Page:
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News

Three new ways to protect aircraft against wing icing

Fraunhofer-Gesellschaft Zur Forderung Der Angewandten Forschung E.V. : 01 October, 2012  (Special Report)
When ice builds-up on the wings of aircrafts, it drives up costs and impedes safety – and in the worst case scenario, could even cause an aircraft to crash. At the ILA Berlin Air Show, researchers demonstrated new ways to keep ice off of the aircraft′s wings.

Regardless of how fluffy and plush white clouds against a blue sky may appear from ground level, the conditions inside them are forbidding indeed: if aircraft fly through these clouds, the low temperatures, combined with wind speed, can cause the rapid formation of ice sheets on the wings. This icing could have two serious consequences:  First, the ice sheet may cause an up to 40 percent rise in the aircraft’s aerodynamic drag; second, the aircraft becomes heavier and can lose up to 30 percent of its lift.  Both conditions lead to a marked spike in fuel consumption, impede safety and - in the worst case scenario - the ice may even cause the aircraft to crash.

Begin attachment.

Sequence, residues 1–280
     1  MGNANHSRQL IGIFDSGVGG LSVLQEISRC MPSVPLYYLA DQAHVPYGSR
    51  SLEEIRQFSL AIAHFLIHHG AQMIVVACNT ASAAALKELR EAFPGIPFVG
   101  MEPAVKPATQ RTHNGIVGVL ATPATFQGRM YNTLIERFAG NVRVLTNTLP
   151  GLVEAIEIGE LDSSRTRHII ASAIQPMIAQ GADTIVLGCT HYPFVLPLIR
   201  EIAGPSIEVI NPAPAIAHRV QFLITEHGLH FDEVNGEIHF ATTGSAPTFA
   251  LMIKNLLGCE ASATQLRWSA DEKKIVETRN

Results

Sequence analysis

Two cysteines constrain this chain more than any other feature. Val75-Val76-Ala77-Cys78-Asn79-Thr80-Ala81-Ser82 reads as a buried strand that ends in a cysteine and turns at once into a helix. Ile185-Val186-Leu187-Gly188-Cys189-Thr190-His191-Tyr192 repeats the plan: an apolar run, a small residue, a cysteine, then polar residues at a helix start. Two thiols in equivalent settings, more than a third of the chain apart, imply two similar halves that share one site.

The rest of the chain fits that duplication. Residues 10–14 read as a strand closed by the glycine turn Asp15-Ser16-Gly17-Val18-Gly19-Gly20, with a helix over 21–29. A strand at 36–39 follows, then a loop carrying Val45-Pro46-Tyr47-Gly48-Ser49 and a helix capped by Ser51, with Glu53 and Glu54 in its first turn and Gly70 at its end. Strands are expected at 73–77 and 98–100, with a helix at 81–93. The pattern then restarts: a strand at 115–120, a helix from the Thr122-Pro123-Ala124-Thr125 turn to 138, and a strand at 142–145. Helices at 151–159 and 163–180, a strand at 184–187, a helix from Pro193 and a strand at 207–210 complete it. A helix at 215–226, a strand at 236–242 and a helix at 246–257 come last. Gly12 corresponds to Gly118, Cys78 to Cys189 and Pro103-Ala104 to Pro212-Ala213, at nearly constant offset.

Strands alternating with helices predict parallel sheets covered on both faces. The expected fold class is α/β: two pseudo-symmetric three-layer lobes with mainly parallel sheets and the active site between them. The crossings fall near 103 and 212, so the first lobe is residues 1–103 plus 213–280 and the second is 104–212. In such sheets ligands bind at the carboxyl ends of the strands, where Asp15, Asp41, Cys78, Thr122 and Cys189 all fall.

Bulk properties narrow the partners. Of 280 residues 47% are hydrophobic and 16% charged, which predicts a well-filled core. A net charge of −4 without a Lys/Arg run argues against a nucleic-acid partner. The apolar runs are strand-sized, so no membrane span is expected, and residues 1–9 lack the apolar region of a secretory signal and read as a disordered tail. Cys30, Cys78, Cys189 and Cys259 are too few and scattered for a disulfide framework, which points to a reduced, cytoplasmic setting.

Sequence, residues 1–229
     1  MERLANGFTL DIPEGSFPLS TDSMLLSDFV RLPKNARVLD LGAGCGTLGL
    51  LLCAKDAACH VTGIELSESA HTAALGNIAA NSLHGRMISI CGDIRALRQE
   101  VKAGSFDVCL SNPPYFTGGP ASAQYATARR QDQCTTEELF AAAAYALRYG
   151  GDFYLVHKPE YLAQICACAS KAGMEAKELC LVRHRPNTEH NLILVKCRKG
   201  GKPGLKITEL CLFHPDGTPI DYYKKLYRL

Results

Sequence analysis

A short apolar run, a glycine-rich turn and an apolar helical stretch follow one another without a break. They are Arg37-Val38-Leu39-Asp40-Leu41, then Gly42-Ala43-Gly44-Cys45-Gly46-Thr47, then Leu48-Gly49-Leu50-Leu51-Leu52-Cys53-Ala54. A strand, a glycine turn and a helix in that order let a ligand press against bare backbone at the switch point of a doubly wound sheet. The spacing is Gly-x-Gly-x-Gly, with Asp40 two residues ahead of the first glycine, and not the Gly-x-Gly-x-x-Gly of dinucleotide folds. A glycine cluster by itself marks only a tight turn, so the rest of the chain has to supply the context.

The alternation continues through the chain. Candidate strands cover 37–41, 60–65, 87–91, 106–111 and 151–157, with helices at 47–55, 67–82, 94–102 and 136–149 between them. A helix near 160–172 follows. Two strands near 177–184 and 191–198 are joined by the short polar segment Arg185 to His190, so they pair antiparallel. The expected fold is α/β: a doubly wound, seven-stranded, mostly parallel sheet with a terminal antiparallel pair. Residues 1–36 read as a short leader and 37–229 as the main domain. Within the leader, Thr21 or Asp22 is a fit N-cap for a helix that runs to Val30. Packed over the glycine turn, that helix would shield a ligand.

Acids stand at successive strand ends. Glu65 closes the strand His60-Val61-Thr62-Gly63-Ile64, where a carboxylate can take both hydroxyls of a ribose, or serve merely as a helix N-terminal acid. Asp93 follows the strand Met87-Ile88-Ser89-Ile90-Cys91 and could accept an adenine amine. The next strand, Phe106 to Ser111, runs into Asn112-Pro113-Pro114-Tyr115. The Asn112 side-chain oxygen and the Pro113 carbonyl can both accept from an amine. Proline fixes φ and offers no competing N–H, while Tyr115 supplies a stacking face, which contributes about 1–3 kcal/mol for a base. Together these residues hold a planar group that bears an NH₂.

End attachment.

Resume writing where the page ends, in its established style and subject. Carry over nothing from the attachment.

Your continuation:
Aircraft manufacturers therefore must prevent icing. Various technologies can help with this. For example, by conducting the heat from the jet engines to the hollow spaces inside the wing leading edges, the wings can be de-iced during flight. Other manufacturers are integrating “rubber boots” - basically, rubber mats that can be pumped up when needed and “blast” the ice from the wing surface. A major disadvantage of these technologies is the exorbitant energy requirement. Moreover, they cannot be combined with fibre composite materials - or only with great difficulty -  while carbon fibre materials are increasingly being used in aircraft construction.